In another alternative embodiment, the measurement arrangement can also have a means for measuring the period of oscillator oscillations which can be used to determine the frequency detuning of the oscillator. The value of the frequency deviation can be determined similar to the above except that the period of the oscillations is measured. This means that there can be means for measuring the basic period of the oscillator in the uncoupled state and for cyclic comparison measurement and difference formation in the coupled state, or the measurement arrangement can be equipped with a means for computing the difference of two succeeding period values. Of course, there can be a discrete circuit provided to measure the period of the oscillator oscillations. But preferably, the means for measuring the period of the oscillator oscillations are integrated into the function of the microcontroller of the transmitting part.

Measurements are evaluated preferably by a program executed and controlled by the microcontroller. One or more threshold values and/or a self-adapting algorithm can be programmed into the microcontroller for evaluating the measurement and to determine whether a positioning signal which indicates good or poor positioning should be provided. The evaluation arrangement can especially be designed such that it delivers optical and/or acoustic display signals. For example, the optical signaling on the transmitting part can be provided by a duo-LED unit which lights red, orange or green depending on the respective alignment of the transmitting coil and the receiving coil. Alternatively, for acoustic signaling, the oscillator frequency can be mixed with a fixed reference frequency such that the mixed frequency yields an audible tone, the level of this tone depending on the quality of the coupling between the transmitting coil and the receiving coil. The tone level is set to maximum or minimum depending on the circuit design by the positioning of the transmitting coil relative to the receiving coil and may be set to vary accordingly.

Within the framework of this invention, measurement, evaluation, and signaling are done in real time. This means that the user acquires a return report, especially an optical and/or acoustic return message as a positioning aid, during positioning motion.

The above object, features and advantages of the present invention will become more apparent form the following detailed description of the preferred embodiments of this invention when viewed in conjunction with the accompanying drawings.

BRIEF DESCRIPTION OF THE DRAWINGS

FIG. 1 shows a schematic block diagram of one embodiment of the present invention.

FIG. 2 shows a schematic block diagram of an alternative embodiment of the present invention.

DETAILED DESCRIPTION OF THE INVENTION

FIGS. 1 & 2 schematically illustrate a device in accordance with two embodiments of the present invention for aiding the positioning of an external part relative to an implantable part of a charging system for charging a rechargeable power source of an implantable medical device. The charging system 1 in accordance with one embodiment of the present invention, as shown in FIG. 1, has an external transmitting part 10 and an implantable receiving part 11. The external transmitting part 10 includes a charging head 12 which contains a transmitting resonant circuit 13 with a transmitting coil 14 and a transmitting circuit capacitor 15 connected in series thus forming a series resonant circuit. In addition to forming part of the transmitting resonant circuit 13, the transmitting coil 14 functions as a transmitter for the external transmission part 10. The charging head 12 is connected via an electrically conductive link such as cables 16 to an output of a charging device 17 which is part of the external transmitting part 10. In particular, the transmitting resonant circuit 13 is connected to a transmitting switching stage 18 which may include an oscillator such as a Donaldson oscillator 19 and a transmission end stage 20 connected downstream of the Donaldson oscillator 19.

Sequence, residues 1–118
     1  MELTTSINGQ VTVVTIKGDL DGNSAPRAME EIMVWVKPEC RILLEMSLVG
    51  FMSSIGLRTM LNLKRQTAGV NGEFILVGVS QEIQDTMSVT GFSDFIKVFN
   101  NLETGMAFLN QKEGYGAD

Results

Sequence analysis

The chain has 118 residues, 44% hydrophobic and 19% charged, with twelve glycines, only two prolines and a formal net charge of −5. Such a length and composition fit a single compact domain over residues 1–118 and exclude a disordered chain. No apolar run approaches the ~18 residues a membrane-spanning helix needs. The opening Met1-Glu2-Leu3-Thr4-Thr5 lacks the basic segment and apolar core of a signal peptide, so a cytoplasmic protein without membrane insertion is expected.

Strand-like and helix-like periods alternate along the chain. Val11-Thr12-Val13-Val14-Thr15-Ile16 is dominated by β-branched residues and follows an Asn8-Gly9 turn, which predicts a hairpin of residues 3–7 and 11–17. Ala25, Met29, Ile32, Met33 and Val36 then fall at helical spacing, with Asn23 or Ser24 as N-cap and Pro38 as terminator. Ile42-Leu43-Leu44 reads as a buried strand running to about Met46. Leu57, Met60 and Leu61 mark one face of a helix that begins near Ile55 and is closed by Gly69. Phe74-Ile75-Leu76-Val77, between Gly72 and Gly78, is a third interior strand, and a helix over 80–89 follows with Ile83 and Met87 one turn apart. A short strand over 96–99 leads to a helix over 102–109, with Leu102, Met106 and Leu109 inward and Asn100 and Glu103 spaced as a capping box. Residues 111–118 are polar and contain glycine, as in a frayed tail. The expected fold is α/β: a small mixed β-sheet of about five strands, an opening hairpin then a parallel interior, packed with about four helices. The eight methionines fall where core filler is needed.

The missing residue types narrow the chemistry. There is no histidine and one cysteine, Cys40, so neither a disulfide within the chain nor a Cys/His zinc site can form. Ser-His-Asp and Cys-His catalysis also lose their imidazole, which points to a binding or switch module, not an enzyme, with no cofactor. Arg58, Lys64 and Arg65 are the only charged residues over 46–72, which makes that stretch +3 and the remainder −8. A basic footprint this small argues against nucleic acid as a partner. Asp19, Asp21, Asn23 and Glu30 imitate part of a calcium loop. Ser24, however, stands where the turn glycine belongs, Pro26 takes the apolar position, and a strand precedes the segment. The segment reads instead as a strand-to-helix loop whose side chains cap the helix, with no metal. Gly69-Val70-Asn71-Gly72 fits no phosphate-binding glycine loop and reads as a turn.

The implantable receiving part 11 in accordance with the present embodiment may be a component of an implantable medical device generically labeled 22. The implantable receiving part 11 includes a receiving resonant circuit 23 with a receiving coil 24 and a receiving circuit capacitor 25 connected in series, thus forming a series resonant circuit. In addition to forming a part of the receiving resonant circuit 23, the receiving coil 24 serves as a receiver for the implantable receiving part 11. The receiving resonant circuit 23 is connected to an input of a receiving switching stage 26 which includes a charging control circuit 27 and a power source 28 downstream of the charging control circuit 27. The power source 28 may be in the form of a rechargeable DC voltage source including a rechargeable battery. The power source 28 is used to supply power to an active medical implant 29 such as a hearing aid. The power source 28 can be designed as a power supply module as shown in an commonly owned, co-pending U.S. patent application Ser. No. 09/359,050 claiming priority of the German patent application, 198 37 912.9-45 which is incorporated herein by reference. The charging control circuit 27 and the charging process can be executed according to the commonly owned, copending U.S. patent application Ser. No. 09/311,566 filed on May 14, 1999 which is also incorporated herein by reference. The active medical implant 29 such as a hearing aid, can be made for direct mechanical excitation of the middle ear or inner ear of the implant wearer. One such hearing aid is shown, for example, in U.S. Pat. No. 5,277,694, U.S. Pat. No. 5,814,095, and in the aforementioned article by Leysieffer et al. "A completely implantable hearing system for the hearing impaired: TICA LZ 3001", HNO 46:853-863 (1998). Therefore, the charging control circuit 27 and the active medical implant 29 need not be discussed in further detail here.